How to Do a Policy Outline

Comstock Images/Comstock/Getty Images

A policy is a document that typically regroups a set of rules, guidelines and organizational principles. It defines the way things are done in a specific group and outlines the standards of practice for a company. When creating new policies, it is important to plan ahead and define an outline for each section and component of the policy. Some companies put in place templates designed to facilitate the policy-making process by defining a specific outline structure that does not change from one policy to another.

Determine which type of policy you are writing. Typically, policies fall in the services, human resources or administration categories. If your company has policy templates, pick the one that belongs to the desired category of policy and fill it out. If there are no templates available, keep following the next steps.

Identify the needs and objectives for the policy. Various triggers might provoke the need for a new policy. External or internal requirements, identified gaps, regular policy reviews, change initiatives or developments are all common triggers that warrant a new policy. The objective of your policy should confirm that you have chosen the correct type, and it will guide you in defining the required sections.

List the main sections and components of your policy. Possible sections are scope, history, goals and objectives, strategies, service and management principles, processes, procedures, organizational structures, administration, evaluations and appendices. Depending on the scope and breadth of the policy, the number of sections will vary.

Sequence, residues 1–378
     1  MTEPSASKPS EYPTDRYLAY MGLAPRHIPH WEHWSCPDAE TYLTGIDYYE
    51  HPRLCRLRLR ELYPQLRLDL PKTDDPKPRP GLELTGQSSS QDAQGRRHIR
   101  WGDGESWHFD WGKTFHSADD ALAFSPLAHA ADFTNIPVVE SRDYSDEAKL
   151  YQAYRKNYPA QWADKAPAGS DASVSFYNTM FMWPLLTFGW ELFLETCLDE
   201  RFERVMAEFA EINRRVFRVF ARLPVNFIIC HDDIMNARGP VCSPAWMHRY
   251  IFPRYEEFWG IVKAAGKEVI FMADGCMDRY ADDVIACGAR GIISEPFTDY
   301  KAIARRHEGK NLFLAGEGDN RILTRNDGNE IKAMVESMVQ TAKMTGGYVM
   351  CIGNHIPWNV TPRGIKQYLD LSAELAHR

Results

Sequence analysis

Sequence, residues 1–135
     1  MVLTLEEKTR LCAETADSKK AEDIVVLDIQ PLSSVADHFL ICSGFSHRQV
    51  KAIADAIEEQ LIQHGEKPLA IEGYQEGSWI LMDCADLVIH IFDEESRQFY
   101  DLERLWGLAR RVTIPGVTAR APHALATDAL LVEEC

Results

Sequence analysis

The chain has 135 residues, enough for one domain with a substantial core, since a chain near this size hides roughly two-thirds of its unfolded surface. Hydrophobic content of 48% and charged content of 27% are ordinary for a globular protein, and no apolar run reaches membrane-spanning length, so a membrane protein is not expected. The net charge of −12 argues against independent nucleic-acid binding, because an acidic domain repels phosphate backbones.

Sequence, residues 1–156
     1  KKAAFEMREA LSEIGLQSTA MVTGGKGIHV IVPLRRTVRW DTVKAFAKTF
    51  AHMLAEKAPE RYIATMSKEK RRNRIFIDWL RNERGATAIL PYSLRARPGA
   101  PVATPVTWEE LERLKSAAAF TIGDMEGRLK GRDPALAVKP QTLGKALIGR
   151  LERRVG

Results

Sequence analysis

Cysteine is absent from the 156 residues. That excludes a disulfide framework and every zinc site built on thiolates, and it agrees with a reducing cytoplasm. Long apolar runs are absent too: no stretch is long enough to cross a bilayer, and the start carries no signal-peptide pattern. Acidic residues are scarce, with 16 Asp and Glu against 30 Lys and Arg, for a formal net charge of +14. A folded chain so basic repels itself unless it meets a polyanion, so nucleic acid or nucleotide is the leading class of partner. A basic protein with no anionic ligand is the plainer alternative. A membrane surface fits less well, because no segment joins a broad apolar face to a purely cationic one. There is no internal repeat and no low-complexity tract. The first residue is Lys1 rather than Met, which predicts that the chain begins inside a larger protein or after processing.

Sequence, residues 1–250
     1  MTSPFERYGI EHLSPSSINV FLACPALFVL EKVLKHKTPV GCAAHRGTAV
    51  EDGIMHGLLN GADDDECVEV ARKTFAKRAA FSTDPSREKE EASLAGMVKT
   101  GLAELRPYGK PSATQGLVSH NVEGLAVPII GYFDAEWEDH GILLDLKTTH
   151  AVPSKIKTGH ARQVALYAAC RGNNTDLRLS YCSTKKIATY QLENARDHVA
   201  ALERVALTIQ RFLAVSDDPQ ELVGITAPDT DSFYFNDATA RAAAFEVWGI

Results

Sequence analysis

Draft the main points for each component listed. Write bullet points for each category. Create sub-categories if some components belong within a larger category. For example, under introduction, you can include history, goals and objectives as well as policy scope.

Organize all the items in a logical order. Start with the most general principles and categories, and then list the more detailed sections. Regroup similar content around specific processes. Introductions are always at the beginning and appendices should always come last.

Use your policy outline to create a template for future similar policies. Leave the same categories and sub-categories as they now are in your outline, but remove the main important bullet points that are specific to your policy. Replace with instructions about which type of content belongs in which section.

References

About the Author

Marie-Pier Rochon has been writing since 2005. She has served as a writer at PlaceForPoeple and a newsletter writer for the Creative Sydney festival. Previously, Rochon also worked as a communications adviser for various Canadian federal agencies. She earned a Bachelor of Arts with honors in organizational communications from the University of Ottawa.

Photo Credits

  • Comstock Images/Comstock/Getty Images